This is a wonderful book. Seeing the colors of the letters of the alphabet; feeling the shapes of the tastes of different foods-these are examples of synesthesia, a neurological phenomenon that produces a "blending" or "combining" of sensory responses. Author, Patricia Lynne Duffy, a synesthete herself, uses her own experiences as the point of departure to take the reader on a journey that deftly illustrates the pervasiveness of this way of perceiving in the world and raises many deeply philosophical and sociological questions.
In Ms. Duffy's young childhood, her father discovered that synesthesia existed as a documented neurological condition after he went searching for an answer as to why his daughter saw each of the letters of the alphabet in a specific color. Ms. Duffy's book moves from these intimate and extremely touching early synesthetic recollections into the broad and fascinating subject of synesthesia in the world at large. The book is a feast for the mind. We learn that the French symbolist poets Rimbaud, Baudelaire, and Gautier were synesthetes. As is world-renowned painter David Hockney who uses the colors he sees in his syesthetic perceptions in his paintings. As does artist, Carol Steen. But even non-synesthetic artists such as Paul Klee and Georgia O'Keefe employed "techniques of transforming" that belong to the "blended" or "combined" sensory perceptions of the synesthetic experience.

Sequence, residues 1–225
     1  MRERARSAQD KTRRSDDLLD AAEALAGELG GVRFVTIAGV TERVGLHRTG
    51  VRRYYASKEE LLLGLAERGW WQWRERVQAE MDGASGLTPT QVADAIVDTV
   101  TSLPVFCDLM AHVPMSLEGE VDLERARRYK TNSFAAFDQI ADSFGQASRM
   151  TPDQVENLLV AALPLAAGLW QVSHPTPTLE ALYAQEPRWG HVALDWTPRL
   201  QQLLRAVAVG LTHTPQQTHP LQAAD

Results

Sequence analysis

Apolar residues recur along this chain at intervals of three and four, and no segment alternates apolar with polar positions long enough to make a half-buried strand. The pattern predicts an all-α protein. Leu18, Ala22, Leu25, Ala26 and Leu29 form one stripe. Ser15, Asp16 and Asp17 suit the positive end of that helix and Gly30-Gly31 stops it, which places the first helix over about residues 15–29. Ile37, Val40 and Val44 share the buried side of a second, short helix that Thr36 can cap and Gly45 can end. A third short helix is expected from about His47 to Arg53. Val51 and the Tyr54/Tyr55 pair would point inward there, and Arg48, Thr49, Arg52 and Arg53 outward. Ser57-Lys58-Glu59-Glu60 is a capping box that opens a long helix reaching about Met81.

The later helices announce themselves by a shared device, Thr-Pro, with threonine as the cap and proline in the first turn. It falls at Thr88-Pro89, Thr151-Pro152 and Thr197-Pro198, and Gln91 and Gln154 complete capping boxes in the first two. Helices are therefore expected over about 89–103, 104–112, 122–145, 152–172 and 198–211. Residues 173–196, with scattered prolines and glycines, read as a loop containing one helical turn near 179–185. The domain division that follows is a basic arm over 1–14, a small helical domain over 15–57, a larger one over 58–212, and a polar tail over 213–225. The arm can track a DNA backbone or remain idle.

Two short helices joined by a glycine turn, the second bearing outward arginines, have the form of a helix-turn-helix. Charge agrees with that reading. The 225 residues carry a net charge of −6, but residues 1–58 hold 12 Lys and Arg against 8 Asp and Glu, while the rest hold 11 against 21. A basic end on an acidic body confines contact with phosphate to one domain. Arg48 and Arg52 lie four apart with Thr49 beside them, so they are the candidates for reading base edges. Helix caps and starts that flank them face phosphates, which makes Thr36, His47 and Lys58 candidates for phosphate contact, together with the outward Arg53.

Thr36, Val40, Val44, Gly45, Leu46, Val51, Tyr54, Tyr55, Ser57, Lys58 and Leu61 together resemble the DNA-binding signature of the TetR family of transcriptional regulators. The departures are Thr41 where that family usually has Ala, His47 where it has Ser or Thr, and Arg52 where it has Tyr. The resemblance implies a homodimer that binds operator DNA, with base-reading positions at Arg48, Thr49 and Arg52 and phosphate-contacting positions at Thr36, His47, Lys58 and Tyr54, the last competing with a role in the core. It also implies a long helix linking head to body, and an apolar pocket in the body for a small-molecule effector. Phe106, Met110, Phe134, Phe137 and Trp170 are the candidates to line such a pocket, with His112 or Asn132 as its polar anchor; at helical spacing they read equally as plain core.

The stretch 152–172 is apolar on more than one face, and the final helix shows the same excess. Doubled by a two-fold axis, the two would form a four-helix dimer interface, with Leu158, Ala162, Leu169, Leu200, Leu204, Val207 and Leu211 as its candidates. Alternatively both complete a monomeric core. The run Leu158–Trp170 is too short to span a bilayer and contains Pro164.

In exploring her subject, Patricia Duffy has given us a rich compilation of information that touches on almost every discipline: the arts, science, the brain, health, philosophy, religion. But most fascinating to this reader is the fundamental question that the book raises about the very nature of perception itself. As Dr. Peter Grossenbacher from the National Institute of Mental Health points out at the beginning of his foreword to the book, "William James, the father of American experimental psychology, observed that each mind has its own way of perceiving the world." How are we to regard this uniqueness of individual perception when as Ms. Duffy points out, "In life so much depends on the question, do you see what I see? that most basic of queries that binds human beings socially." And even among synesthetes, each person has their own individual synesthetic perception, the color of one synesthete's letter A, for example being different from another's. Perhaps the most intriguing idea of all that Ms. Duffy's book puts forth is in her wonderful chapter entitled, Everything Fights For Its Survival-Even A Perception: "Like every other living thing on this earth, a personal perception of reality, too, will fight for its survival. And, as with every other living thing on this earth, the only way to ensure survival is by learning to coexist with others vastly different."